Castle Falls (2021)

Rating: C

Dir: Dolph Lundgren
Star: Scott Adkins, Dolph Lundgren, Scott Hunter, Kim DeLonghi 

I hadn’t realized that Lundgren had been directing movies, since as far back as 2004’s The Defender. But it has been a while: this is his first time occupying the chair for more than a decade. I haven’t seen any of his previous works, so can’t compare, but this does feel a bit rusty. Mind you, you could argue the issues are more with the script, and it’s an viewpoint I’d be willing to hear. The core idea is good, but for what should be a non-stop adrenaline rush, there seems to be a lot of faffing about before we get to the “Die Hard in a building about to be demolished” elements.

The hero is Mike Wade (Adkins) who, in a remarkably accurate bit of casting, plays a guy from Birmingham. That’s the one in the English Midlands, though in a confusing twist, he ends up in the Alabama one, working on tearing apart a hospital, ready for its explosive demolition in a few days. Turns out there is three million dollars which was stashed away in the building’s innards. Mike stumbles across it, but also looking to retrieve the loot are drug dealer Deacon Glass (Hunter) and his gang, plus separately, prison warden Richard Ericson (Lundgren), who needs the money to cover medical bills for his sick daughter (DeLonghi). The three parties collide, with just 90 minutes before the bombs go off and bring it all down.

First off, there’s too much back story. Wade, for instance, is a former MMA guy who moves up from Atlanta, after losing a bout which was his final chance at the big time. Really, this could have been established in 30 seconds of well-crafted dialogue. We did not need to see him pleading with the gym owner for a shot, the bout in full, then Wade moving out of his apartment, giving his gloves to a couple of local kids and driving to Birmingham (no: the Alabama one…). Similarly, we don’t need to see Ericson chatting to his daughter, her nurse and the insurance company about his family situation. Half the film is spent on this kind of thing, before the participants meet up and arses start getting kicked, which is why we’re here.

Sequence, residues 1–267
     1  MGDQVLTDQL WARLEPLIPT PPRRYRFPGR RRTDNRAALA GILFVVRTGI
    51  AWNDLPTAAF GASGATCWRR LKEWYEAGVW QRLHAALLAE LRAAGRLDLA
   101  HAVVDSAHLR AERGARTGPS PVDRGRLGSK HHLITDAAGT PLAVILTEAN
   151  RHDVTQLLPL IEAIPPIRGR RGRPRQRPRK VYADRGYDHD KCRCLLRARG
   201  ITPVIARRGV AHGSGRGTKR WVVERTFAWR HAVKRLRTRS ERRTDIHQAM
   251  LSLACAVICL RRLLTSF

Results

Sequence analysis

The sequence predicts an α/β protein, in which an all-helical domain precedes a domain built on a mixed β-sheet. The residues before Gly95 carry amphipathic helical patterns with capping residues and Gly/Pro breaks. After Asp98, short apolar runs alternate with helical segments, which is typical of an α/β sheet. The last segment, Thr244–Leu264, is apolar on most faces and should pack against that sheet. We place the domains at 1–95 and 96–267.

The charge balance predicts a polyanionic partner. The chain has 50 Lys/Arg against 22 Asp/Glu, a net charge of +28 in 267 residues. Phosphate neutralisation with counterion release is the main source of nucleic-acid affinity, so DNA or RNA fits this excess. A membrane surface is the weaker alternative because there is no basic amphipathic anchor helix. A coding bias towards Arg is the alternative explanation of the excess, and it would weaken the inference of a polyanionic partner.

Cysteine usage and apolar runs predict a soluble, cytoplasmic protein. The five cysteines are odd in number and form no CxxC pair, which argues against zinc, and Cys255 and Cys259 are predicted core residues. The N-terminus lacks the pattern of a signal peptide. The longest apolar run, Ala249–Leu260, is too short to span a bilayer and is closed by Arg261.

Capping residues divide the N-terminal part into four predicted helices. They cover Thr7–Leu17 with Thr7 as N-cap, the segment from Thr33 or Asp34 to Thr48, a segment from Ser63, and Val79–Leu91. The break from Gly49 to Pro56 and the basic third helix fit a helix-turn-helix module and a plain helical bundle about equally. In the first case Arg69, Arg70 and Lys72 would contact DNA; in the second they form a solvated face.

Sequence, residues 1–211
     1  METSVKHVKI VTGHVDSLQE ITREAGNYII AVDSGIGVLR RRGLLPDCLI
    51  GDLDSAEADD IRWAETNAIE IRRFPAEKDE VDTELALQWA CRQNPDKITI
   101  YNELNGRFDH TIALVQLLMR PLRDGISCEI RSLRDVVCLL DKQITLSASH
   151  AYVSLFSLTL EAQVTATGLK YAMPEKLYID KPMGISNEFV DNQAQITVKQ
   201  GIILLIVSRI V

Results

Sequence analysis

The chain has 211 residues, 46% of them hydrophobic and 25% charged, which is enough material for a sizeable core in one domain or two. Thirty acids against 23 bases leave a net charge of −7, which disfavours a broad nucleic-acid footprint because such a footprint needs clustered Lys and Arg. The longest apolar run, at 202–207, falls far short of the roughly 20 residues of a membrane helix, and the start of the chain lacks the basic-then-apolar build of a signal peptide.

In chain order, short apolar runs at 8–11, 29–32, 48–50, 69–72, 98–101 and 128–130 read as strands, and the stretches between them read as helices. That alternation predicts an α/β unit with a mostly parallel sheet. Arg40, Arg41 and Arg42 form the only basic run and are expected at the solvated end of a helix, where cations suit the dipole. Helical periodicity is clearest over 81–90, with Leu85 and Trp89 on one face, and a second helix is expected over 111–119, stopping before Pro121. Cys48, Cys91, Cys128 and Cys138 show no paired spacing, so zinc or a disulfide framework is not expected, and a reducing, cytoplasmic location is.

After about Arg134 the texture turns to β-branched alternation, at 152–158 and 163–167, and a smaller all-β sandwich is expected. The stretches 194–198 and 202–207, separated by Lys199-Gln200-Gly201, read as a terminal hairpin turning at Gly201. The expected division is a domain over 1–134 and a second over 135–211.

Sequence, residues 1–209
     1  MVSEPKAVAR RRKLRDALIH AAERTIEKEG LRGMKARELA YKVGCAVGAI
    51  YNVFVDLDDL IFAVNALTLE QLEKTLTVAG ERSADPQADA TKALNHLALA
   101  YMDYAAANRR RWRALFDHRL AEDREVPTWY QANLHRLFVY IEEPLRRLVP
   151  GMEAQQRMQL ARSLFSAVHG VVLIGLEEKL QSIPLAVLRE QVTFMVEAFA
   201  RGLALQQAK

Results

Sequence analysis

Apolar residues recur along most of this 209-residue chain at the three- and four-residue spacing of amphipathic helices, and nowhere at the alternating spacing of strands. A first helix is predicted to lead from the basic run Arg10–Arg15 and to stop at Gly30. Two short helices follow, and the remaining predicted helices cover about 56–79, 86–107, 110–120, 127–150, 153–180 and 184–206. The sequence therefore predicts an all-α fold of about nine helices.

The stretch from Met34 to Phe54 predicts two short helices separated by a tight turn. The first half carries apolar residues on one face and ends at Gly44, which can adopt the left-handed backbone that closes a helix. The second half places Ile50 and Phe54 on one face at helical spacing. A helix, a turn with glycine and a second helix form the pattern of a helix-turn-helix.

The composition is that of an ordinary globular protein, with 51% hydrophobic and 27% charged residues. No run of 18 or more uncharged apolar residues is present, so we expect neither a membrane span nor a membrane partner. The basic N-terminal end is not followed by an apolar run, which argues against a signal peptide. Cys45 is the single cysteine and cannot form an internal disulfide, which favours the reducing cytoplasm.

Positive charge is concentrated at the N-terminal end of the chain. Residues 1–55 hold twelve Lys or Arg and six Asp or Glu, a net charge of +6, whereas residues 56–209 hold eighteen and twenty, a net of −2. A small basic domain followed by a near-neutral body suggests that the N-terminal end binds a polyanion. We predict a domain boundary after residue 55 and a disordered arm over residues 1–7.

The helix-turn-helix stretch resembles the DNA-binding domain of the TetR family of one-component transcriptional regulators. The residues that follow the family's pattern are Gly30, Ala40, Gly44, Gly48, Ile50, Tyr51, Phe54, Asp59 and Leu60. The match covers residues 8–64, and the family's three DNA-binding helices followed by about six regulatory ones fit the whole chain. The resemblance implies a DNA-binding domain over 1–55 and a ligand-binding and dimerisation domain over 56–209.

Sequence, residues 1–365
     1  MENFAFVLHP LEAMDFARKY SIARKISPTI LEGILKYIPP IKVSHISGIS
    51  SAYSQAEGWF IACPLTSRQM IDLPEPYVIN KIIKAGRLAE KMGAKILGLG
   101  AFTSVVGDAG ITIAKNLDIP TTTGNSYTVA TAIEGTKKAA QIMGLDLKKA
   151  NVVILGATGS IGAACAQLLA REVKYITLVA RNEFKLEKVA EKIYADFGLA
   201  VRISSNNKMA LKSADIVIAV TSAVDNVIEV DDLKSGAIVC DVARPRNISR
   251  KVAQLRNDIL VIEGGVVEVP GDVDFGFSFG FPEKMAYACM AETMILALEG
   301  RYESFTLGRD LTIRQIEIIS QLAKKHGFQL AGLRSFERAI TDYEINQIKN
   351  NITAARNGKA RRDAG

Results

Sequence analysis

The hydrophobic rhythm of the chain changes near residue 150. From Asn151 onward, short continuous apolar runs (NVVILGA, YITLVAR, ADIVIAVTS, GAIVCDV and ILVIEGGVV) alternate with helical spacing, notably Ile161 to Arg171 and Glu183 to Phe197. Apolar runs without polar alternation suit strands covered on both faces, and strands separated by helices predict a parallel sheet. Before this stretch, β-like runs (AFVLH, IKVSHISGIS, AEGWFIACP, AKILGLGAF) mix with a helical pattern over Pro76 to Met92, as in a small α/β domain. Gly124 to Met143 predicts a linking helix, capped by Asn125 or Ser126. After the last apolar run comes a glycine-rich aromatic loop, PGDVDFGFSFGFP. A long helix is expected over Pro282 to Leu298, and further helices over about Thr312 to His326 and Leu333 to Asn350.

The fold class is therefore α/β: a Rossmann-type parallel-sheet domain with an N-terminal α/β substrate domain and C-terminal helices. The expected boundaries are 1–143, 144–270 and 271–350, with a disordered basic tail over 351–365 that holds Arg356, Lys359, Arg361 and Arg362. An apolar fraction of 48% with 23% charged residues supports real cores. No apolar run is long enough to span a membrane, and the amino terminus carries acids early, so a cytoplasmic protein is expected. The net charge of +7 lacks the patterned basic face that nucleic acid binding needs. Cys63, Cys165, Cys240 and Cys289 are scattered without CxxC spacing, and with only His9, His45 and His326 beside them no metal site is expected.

Things do pick up thereafter, with the half-demolished building offering a good range of environments in which to play. Naturally, Mike and Richard team up, as the people who want the money for more altruistic purposes, going up against Deacon and his crew (they include Dolph’s daughter, Ida – her fate is quite amusing, if likely to provoke familial strife!). There’s no surprises in the way things unfold from there: it’s not hard to work out who will get out, just ahead of the demolition. Must say, the authorities seem oblivious to the gun-battles, plummeting bodies, etc. taking place in a supposedly deserted building. It’s all just a bit too predictable, and will likely be forgotten not long after you’ve watched it.

This review is part of Project Adkins, covering the movies of Scott Adkins.